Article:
- Mulches also help retain soil moisture and maintain even soil temperatures. This is especially important for peppers as their roots may be easily damaged when weeding, and this can lead to blossom end rot.
- Keep plants well-watered during the growing season, especially during dry spells. Plants need about 1-2" of rain per week during the growing season. Use a rain gauge to check to see if you need to add water. It's best to water with a drip or trickle system that delivers water at low pressure at the soil level. If you water with overhead sprinklers, water early in the day so the foliage has time to dry off before evening, to minimize disease problems. Keep the soil moist but not saturated.
- Note that hot peppers tend to be hotter when they have less water and fertilizer. If they receive plenty of water and fertilizer they may be more mild than expected.
- Monitor for pests and diseases. Check with your local Cooperative Extension Service for pest controls recommended for your area.
- Try planting pepper plants near tomatoes, parsley, basil, and carrots in your home vegetable garden. Don't plant them near fennel or kohlrabi. Peppers are very colorful when in full fruit and combine well with green herbs, okra, beans and cucumber fences in the garden bed.
Harvesting and Preserving Tips
- Like cucumbers and summer squash, peppers are usually harvested at an immature stage. The traditional bell pepper, for example, is harvested green, even though most varieties will mature red, orange, or yellow. Peppers may be harvested at any stage, but their flavor doesn’t fully develop until maturity. Fully ripe peppers in multi-colors are delightful in the garden as well as in salads.
- Cut the fruit from the plant with a sharp knife or pruners leaving a small part of the stem attached.
- Sweet bell, pimento and cherry peppers are delicious eaten green but are sweeter and higher in vitamins if allowed to turn bright red before harvest. Some varieties are yellow at maturity or may mature from green through yellow and red.
- Hot peppers may be harvested at any stage. Anaheim is usually picked green and cayenne types red.
- Bell peppers may be chopped and quick frozen for use in many recipes; sweet cherry and banana peppers and hot cherry peppers are perfect for pickling.
- A popular and trouble-free way to store hot peppers is to dry them. String mature red peppers by piercing the stem with a needle and heavy thread. Hang the string in a warm, dry, airy place (not in the sun!) to dry. They can make a colorful kitchen accent. Pull a pepper from the string when you need one. Hot peppers remain hot even after they are dried. Remember that in recipes a little hot pepper can go a long way.
- Please note that hot peppers can burn sensitive skin on contact and fumes from grinding or cooking them can irritate the lungs and eyes. When working with hot peppers use rubber gloves and wash your hands before touching your face or eyes.
Days To Maturity66 daysFruit Size3-4 inchesSunFull SunSpread16 inchesHeight18-24 inchesSow MethodIndoor SowPlanting TimeSpringSow Time8-12 weeks BLFThin24 inchesLife CycleAnnual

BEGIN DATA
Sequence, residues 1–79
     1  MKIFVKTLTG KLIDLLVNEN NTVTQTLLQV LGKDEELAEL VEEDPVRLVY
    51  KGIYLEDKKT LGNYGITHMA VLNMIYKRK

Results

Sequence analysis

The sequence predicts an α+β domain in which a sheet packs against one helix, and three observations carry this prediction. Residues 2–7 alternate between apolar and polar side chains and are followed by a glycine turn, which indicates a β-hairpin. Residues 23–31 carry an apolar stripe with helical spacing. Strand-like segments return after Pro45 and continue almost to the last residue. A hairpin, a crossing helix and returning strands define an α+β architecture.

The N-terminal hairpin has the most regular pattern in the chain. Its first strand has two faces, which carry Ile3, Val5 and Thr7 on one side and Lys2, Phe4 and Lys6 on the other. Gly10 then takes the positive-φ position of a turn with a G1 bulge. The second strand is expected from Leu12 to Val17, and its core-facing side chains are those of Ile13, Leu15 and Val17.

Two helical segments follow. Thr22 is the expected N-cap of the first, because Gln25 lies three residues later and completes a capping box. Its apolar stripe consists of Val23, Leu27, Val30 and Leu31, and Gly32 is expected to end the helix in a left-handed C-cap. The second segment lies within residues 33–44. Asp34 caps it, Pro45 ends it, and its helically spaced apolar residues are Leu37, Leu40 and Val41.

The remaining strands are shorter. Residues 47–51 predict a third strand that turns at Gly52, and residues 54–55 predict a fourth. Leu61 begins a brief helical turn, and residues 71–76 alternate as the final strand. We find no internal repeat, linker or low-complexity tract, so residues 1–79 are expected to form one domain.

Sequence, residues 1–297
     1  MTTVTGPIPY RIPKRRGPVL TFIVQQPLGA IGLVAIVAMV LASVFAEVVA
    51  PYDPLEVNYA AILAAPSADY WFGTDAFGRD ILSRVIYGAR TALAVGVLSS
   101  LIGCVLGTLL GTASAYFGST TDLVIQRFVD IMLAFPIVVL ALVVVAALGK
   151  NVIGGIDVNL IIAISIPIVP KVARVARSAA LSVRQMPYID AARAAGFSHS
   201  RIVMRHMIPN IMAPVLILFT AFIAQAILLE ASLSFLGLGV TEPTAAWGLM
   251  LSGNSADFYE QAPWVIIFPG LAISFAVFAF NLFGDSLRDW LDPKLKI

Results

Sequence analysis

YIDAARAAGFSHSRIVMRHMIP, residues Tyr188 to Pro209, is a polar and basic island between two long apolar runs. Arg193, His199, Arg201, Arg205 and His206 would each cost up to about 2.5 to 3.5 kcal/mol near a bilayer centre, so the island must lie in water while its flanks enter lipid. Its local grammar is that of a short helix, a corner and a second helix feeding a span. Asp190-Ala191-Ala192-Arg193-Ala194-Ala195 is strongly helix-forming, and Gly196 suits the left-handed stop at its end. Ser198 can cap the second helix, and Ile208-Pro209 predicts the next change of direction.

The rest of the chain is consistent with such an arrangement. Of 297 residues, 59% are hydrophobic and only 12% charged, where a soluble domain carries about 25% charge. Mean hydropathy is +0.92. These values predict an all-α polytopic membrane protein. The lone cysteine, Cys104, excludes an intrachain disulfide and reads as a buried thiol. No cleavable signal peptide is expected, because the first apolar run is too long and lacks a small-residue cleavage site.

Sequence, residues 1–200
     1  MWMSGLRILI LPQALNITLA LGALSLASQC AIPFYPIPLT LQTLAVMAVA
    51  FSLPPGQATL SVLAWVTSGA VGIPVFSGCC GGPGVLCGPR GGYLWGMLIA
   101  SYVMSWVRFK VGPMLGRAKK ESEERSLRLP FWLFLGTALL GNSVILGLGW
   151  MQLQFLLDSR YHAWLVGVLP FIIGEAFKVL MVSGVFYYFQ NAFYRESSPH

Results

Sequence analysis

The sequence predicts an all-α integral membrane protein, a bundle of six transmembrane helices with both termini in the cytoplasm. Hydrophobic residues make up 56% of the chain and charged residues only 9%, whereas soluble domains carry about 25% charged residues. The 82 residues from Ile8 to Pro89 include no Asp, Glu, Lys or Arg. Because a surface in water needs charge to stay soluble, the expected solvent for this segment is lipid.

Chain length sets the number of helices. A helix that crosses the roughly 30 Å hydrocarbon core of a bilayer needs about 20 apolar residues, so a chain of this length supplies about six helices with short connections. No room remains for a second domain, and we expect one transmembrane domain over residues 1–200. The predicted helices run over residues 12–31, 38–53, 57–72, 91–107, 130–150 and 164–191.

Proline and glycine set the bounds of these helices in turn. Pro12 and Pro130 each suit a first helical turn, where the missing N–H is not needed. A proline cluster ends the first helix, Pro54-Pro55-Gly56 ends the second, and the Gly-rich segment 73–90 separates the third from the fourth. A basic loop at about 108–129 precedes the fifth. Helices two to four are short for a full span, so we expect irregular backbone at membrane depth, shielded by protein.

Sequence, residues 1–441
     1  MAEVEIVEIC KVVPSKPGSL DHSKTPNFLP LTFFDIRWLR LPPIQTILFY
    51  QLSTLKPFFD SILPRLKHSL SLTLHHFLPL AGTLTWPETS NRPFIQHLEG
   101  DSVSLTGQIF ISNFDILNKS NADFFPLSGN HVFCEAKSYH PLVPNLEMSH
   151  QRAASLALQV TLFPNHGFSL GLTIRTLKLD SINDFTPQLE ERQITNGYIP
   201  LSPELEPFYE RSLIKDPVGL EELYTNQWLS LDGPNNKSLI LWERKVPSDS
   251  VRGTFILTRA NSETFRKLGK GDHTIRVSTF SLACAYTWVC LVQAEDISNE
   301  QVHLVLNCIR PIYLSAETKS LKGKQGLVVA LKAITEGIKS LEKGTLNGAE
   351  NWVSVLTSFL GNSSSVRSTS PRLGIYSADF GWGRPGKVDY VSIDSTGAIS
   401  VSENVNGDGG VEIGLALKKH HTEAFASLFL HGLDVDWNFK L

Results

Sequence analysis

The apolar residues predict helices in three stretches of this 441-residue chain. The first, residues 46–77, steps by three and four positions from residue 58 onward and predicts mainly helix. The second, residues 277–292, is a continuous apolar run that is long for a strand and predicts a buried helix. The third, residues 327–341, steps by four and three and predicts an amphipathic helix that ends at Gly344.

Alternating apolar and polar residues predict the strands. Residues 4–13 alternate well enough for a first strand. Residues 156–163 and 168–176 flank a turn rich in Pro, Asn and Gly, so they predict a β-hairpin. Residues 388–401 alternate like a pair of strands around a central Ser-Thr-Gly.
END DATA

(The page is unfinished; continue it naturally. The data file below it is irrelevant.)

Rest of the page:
Pepper, Hot, Biker Billy Hybrid is rated out of 5 by 43.Rated 5 out of 5 by Fisherman I from Prolific and Tasty I was saddened to see the frost coming because these babies held on till the end. Beautiful peppers. Great for stuffing. Also used in a terrific breakfast egg-bake. You won't go wrong with these.Date published: 2016-01-24Rated 1 out of 5 by Bizenko from Affected by Disease I ordered Biker Billy as a mixed 3-pack of plants along with Hot Lemon and Block Party as a way to get my husband into gardening. The plants arrived May 8 with healthy roots and sturdy stalks in nice packaging. Because last frost wasn’t predicted until Mother’s Day, I didn’t plant them until May 23. They were tucked into a raised bed with a mixture of 1/3 Peat Moss, 1/3 Vermiculite and 1/3 organic compost. I had blooms within 6 days of planting and the first 3 peppers appeared July 26. The peppers grew slowly and became victim to some sort of disease where the fruit and leaves started falling off. I only got to pick about five peppers in total and they never grew more than 2 inches long. My husband said the flavor wasn’t good and he wanted me to pull the plant. I left it in and in October it was still blooming and forming tiny fruit. I will pass on this variety next year.Date published: 2015-10-04Rated 5 out of 5 by 54Kitkat from Strong plant I planted shortly after I received these in the mail. In June 2015, we had a fire in the night that was 20 feet from the plants. The plant closest to the fire suffered heat damage and the branches died out. I was surprised to see that it was still producing fruit and new growth was coming from the bottom of the plant. Here it is the middle of July and I just know that this plant is going to produce enough peppers to keep me canning until the late frost. I won't be surprised if this plant is still going strong through winter.Date published: 2015-07-16Rated 5 out of 5 by AdoreStepanie from In love! I ordered the plants and they all have grown and started producing! Good size and so delicious.Date published: 2015-07-13Rated 3 out of 5 by RobbieBG from No HEAT! For the past 6ish years this is the only Jalapeno pepper I have grown. I have always had great luck with the Biker Billie Plants In the past theyhave been prolific producers as well as searingly hot(I like searingly hot). This year I have A LOT of peppers on the plants, but they are not hot in the least. They are so mild I am wondering in the plants were mislabeled I miss the heat so much I am only giving them a 3 Star Rating this year. Sorry Burpee.Date published: 2015-06-30Rated 1 out of 5 by Mason from Big let down I cannot express how excited I was to grow this jalapeño. Every single seed germinated, they were growing great, big leaves and green growth. Then they just stopped. Completely. The seeds sprouted in February, and in mid March, they stopped growing at 3-4" tall. To this very day, they are sitting in the garden with 3 leaves, doing nothing. No growth, no signs of nutrient deficiencies, no pest or bugs, no sun scorch. I will be amazed if they produce any fruit this year, much less start growing again. I've contacted numerous pepper growers and have followed their instructions on this matter, and nothing has worked. I might start one more plant to see if it's just bad luck on my part or bad seeds. Either way, I had to buy jalapeño plants from a nursery instead.Date published: 2015-06-16Rated 5 out of 5 by Anonymous from Superb Jalapeño As I am trying to remove taste bud bias (Carolina Reapers seem almost hot enough,) I will judge it on flavor, not heat. It had a nice sweet flavor, but my wife would not agree. She determined that it was REALLY spicy. I enjoyed it in a salsa with the aptly-named Salsa tomato. My wife let me have it all, needless to say. Anyway, it is a great jalapeño if you don't want others eating your salsa.Date published: 2015-04-28Rated 5 out of 5 by CrabbyDollfin from The best of the best in jalapeno peppers I grow this jalapeno every year and i'm continually impressed by it. Such an awesome jalapeno.. the best / hottest out there. The fruit is perfect. I dice them and put them in everything. Great on hamburgers on the grill, poppers on the green egg, pepper jelly... you'll find reasons to use every one that grows. I grow three plants which i think is good for a family of 4. II accidently planted them too close to my tamotoes and they did better this year than last. Good producer, nice size, crisp fruit. The pic shows what I harvested in the 2nd week of production.Date published: 2014-07-12